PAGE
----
Kidney nontumor

Glomerular disease

Membranoproliferative glomerulonephritis (MPGN) and complement related diseases

Membranoproliferative glomerulonephritis types I-III

Last author update: 12 October 2021
Last staff update: 12 October 2021

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PubMed Search: Membranoproliferative glomerulonephritis[TI] "last 5 years"[DP] pathology

Haiyan Zhang, M.D., Ph.D.
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Cite this page: Zhang H. Membranoproliferative glomerulonephritis types I-III. website. Accessed December 3rd, 2022.
Definition / general
  • Also called hypocomplementemic, lobular or mesangiocapillary glomerulonephritis
  • Histologic lesion, not a specific disease entity
  • MPGN should be diagnosed with specific etiology or underlying cause (such as C3GN, immune complex mediated, monoclonal), not as types I - III (Kidney Int 2012;81:434, N Engl J Med 2012;366:1119)
Essential features
  • A morphologic pattern of glomerular injury, characterized by endocapillary and mesangial hypercellularity, mesangial and subendothelial deposits and duplicating of glomerular basement membrane
  • Idiopathic membranoproliferative glomerulonephritis (MPGN) thought to be a diagnosis of exclusion
Clinical features
  • Either immunoglobulin (polyclonal or monoclonal) mediated or complement mediated
  • Immunoglobulin mediated: due to infections, autoimmune diseases, paraproteinemias
  • Complement mediated: dysregulation of alternative pathway due to genetic or acquired abnormalities in regulatory factors
  • Traditional classification based on electron microscopy findings: MPGN type I (subendothelial and mesangial deposits), MPGN II (intramembranous dense ribbon-like deposits) and MPGN III (subendothelial and subepithelial deposits)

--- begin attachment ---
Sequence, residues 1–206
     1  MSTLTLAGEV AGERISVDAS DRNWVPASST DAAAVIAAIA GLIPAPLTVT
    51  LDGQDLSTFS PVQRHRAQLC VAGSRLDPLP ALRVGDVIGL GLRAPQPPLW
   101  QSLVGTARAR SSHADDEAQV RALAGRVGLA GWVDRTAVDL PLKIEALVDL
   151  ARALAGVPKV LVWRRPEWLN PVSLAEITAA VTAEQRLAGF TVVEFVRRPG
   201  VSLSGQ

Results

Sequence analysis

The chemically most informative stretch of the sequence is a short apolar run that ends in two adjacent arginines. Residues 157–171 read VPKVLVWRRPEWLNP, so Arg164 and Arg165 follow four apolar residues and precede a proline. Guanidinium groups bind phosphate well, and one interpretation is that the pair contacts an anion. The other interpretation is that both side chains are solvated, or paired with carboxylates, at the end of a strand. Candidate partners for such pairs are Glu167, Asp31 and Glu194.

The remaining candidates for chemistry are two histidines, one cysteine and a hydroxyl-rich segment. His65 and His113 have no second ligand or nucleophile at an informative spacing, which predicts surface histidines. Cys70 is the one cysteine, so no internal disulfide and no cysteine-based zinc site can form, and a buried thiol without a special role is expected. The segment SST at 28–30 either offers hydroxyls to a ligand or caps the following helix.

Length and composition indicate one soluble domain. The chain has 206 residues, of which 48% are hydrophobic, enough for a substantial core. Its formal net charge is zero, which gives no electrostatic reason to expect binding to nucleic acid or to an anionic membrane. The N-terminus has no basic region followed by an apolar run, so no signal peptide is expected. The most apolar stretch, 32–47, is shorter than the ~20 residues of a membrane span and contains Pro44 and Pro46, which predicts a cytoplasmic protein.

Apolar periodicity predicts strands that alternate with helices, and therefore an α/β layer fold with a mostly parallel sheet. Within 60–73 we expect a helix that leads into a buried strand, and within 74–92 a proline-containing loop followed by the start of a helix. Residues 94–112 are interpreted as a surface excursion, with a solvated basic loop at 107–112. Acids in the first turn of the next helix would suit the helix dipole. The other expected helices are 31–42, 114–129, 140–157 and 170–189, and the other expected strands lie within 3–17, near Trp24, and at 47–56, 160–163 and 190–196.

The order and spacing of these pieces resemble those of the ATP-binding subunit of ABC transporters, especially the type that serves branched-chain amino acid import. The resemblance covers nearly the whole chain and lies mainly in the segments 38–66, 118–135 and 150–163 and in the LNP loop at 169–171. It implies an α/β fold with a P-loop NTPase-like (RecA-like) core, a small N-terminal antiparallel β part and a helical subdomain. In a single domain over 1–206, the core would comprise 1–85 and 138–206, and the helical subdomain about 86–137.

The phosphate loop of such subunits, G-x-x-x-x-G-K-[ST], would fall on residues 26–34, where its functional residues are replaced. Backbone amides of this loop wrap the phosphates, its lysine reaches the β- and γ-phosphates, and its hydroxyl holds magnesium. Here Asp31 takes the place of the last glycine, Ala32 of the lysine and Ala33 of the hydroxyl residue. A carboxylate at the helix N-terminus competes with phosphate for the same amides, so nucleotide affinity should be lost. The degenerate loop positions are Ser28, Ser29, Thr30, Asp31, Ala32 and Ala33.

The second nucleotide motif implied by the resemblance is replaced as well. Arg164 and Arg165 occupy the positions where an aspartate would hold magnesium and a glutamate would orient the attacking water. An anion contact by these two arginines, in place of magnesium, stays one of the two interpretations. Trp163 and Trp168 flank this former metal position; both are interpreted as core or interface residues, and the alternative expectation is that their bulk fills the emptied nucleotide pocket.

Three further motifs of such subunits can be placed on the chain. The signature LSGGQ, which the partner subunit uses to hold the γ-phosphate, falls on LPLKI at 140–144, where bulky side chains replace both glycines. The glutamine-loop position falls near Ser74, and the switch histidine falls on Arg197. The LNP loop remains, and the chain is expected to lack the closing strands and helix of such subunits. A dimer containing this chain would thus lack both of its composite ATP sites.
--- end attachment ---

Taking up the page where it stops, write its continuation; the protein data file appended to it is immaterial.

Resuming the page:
• Newer classification based on immunofluorescence emphasizing pathophysiology: immune complex / monoclonal immunoglobulin mediated MPGN (activation of classic complement pathway) and C3 glomerulopathies (including dense deposit disease, C3 glomerulonephritis and CFHR5 nephropathy, activation of alternate complement pathway)
  • MPGN lesion due to immune complex now referred to simply as MPGN
  • Poor prognostic signs including nephrotic syndrome, an elevated serum creatinine and hypertension at presentation, crescents and tubulointerstitial disease on biopsy
Case reports
  • 28 year old woman with fever, weight gain of 13 kilograms, lower extremity edema, hepatosplenomegaly and multicentric peripheral lymphadenopathy (Front Immunol 2019;10:1489)
  • 46 year old Chinese man presented with bilateral tumor-like nodules (Ren Fail 2019;41:126)
Microscopic (histologic) images

Contributed by Haiyan Zhang, M.D., Ph.D.
GBM double contours

GBM double contours

Sample pathology report